He's not wrong. Denver's defense is No. 14 in the league for points surrendered per game at 22.8. But there's an outlier: a measly 6-point output by Oakland in Week 4. Take out that game and the Broncos 'D' allows 27 points on average. 
Nose tackle Vince Wilfork on the Patriots defense forcing several turnovers in recent weeks:  "We practice very hard at that: we practice ball drills, interception drills, fumble drills. We put a lot of time and work into it, into going out and being able to force turnovers, getting our offense the ball back. We know as a defense, if we can continue to give our offense the ball, theyre going to move the ball and theyre going to give us some points. 
"At the end of the day, thats what its all about: scoring points and stopping guys from scoring points. I think we have a pretty good defense and I think we have a hell of a good offense. If we can continue to play together, this football team will be special."
The Patriots currently lead the AFC, and are second in the NFL, in giveawaytakeaway differential at plus-8. Their 11 takeaways (six interceptions and five fumbles) also lead the conference. 
If the offense keeps scoring at a good clip, the defense should be okay. New England is a little better than middle of the pack for total points surrendered (113) and is crushing the competition for points scored (388). 
Not that "bend don't break" is an ideal philosophy. Right? 
Anybody? Bueller? 

Bruins lose preseason opener to Blue Jackets in shootout, 3-2

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Bruins lose preseason opener to Blue Jackets in shootout, 3-2

BOSTON – The Bruins ice a young lineup for their preseason opener against the Blue Jackets, and they got some solid results from the next generation of skaters ready to wear the Black and Gold. It wasn’t enough for the win, however, as Sam Gagner won the game in the shootout for the Blue Jackets by a 3-2 score after both Riley Nash and Jake DeBrusk dinged the left post with their first two shootout attempts.

DeBrusk, Danton Heinen, Brandon Carlo, Jakub Zboril and Austin Czarnik all had very strong games as young players vying for NHL roster spots with a couple of jobs potentially open at the NHL level.

DeBrusk set up Jimmy Hayes for Boston’s first goal, and Heinen redirected a Carlo point shot past Curtis McElhinney in the third period to tie things up.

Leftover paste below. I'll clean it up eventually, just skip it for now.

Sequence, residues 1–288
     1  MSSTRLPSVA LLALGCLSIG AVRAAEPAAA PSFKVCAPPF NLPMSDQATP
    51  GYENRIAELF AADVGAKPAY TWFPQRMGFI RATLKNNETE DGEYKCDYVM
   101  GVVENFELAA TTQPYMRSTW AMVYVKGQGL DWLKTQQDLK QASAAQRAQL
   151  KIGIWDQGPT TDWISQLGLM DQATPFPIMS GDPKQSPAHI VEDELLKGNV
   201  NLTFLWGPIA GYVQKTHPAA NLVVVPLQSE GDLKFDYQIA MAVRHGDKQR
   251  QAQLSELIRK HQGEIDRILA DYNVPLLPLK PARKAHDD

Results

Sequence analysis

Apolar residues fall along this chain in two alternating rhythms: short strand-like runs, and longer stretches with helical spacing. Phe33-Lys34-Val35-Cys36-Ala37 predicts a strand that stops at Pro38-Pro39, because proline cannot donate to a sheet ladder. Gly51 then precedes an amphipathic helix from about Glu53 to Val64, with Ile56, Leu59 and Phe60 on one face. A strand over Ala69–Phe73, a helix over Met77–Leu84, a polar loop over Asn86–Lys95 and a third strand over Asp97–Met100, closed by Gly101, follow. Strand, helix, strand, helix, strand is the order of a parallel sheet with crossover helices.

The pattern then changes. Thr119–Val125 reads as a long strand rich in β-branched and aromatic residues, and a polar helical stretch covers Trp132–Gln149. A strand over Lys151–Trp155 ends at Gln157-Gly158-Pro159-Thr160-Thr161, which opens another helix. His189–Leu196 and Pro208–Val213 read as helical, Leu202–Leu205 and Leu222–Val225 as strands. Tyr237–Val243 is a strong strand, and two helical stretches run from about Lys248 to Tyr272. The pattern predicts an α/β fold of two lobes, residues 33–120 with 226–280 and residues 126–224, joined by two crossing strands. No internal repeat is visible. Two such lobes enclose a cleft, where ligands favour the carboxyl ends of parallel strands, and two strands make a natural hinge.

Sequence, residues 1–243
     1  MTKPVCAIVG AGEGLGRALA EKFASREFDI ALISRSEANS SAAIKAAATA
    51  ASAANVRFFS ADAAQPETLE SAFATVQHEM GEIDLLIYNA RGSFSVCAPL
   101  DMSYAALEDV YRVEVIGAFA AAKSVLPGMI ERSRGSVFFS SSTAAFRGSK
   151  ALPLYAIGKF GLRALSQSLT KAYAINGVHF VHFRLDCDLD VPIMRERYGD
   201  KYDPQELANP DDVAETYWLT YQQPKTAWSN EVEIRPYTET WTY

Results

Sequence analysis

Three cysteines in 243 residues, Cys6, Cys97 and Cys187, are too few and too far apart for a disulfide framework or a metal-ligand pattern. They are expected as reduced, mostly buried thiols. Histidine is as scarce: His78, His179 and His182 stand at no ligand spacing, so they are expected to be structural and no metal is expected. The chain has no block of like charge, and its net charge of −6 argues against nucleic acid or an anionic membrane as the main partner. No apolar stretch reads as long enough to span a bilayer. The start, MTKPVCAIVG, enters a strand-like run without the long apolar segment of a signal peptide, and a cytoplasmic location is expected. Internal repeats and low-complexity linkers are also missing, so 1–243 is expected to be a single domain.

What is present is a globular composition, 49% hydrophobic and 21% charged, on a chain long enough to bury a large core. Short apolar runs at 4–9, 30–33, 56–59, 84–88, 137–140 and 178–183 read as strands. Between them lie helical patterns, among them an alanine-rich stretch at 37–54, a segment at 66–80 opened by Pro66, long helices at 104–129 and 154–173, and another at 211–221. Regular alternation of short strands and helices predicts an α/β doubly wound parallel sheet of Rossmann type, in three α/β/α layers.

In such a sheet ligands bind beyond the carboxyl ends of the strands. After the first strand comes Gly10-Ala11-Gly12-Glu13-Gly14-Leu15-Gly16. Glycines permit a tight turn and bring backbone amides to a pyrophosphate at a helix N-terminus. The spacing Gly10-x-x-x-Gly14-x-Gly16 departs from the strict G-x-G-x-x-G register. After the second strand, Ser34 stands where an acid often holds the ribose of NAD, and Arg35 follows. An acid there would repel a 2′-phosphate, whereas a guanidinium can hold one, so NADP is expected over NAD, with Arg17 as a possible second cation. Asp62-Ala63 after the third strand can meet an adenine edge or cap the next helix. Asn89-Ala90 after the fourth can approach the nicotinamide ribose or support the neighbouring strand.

Sonny Milano opened up the game’s scoring by beating Anton Khudobin to the short side on a play where the B’s backup goaltender was a little bit sloppy with his technique. Hayes scored to tie things up for the Black and Gold on a nifty transition play up the ice that embodied the “play fast” philosophy that Claude Julien is espousing.

Daniel Zaar added a goal for the Blue Jackets midway through the second period that again gave Columbus the slim one goal lead, but that evaporated in the final 20 minutes when Heinen redirected a Carlo point shot from the slot area past the Blue Jackets netminder.

The Bruins will get back at it with another home preseason game at TD Garden against the Detroit Red Wings on Wednesday night. 

Former Celtics teammates praise Garnett's passion and intensity

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Former Celtics teammates praise Garnett's passion and intensity

WALTHAM, Mass. – Like so many players who have spent part of their NBA journey having Kevin Garnett barking in their ear words of encouragement or just telling them to get the hell out his (bleepin’) way, you can count Avery Bradley among those who will miss the man affectionately known as ‘Big Ticket.’

Garnett recently announced his retirement after 21 NBA seasons, leaving behind a legacy that includes an NBA title won with the Boston Celtics in 2008.

Among the current Celtics, Bradley is the only current member of the team who played with Garnett in Boston.

When Bradley got the news about Garnett’s retirement, he said he sat down and wrote Garnett a letter.

“To let him know how much I appreciate him, how special he is to me,” said Bradley who added that his relationship with Garnett was impactful both on and off the court. “Kevin’s just an amazing person.”

Leon Powe, a member of the Celtics’ championship team in 2008 with Garnett, echoed similar praise about his former teammate.

“As a teammate, as a player, KG meant the world to me,” Powe told CSNNE.com. “Intensity … he brought everything you would want to the game, to the practice field, he was just non-stop energy.”

And when you saw it time after time after time with him, pretty soon it became contagious.

“The intensity just motivated every guy on the team, including me,” Powe said. “It made you want to go out and lay it out on the line for him and the team. You see how passionate he is. You see he’s one of the greats. And when you see one of the greats of the NBA going hard like that all the time, you’re like ‘Man, why can’t I do that? It trickled down to me and every young guy on the team.

Powe added, “He brought that every single day, night, morning, it didn’t matter. He brought that intensity. That’s all you could ask for.”

And Garnett’s impact was about more than changing a franchise’s fortunes in terms of wins and losses.

He also proved to be instrumental in helping re-shape the culture into one in which success was once again defined by winning at the highest levels.

“KG has had as big an impact as anybody I’ve been around in an organization,” said Danny Ainge, Boston’s president of basketball operations. “The thing that stands out the most to me about KG is his team-first mentality. He never wanted it to be about KG, individual success to trump team success. He lived that in his day-to-day practice. That’s something I’ll remember about him.”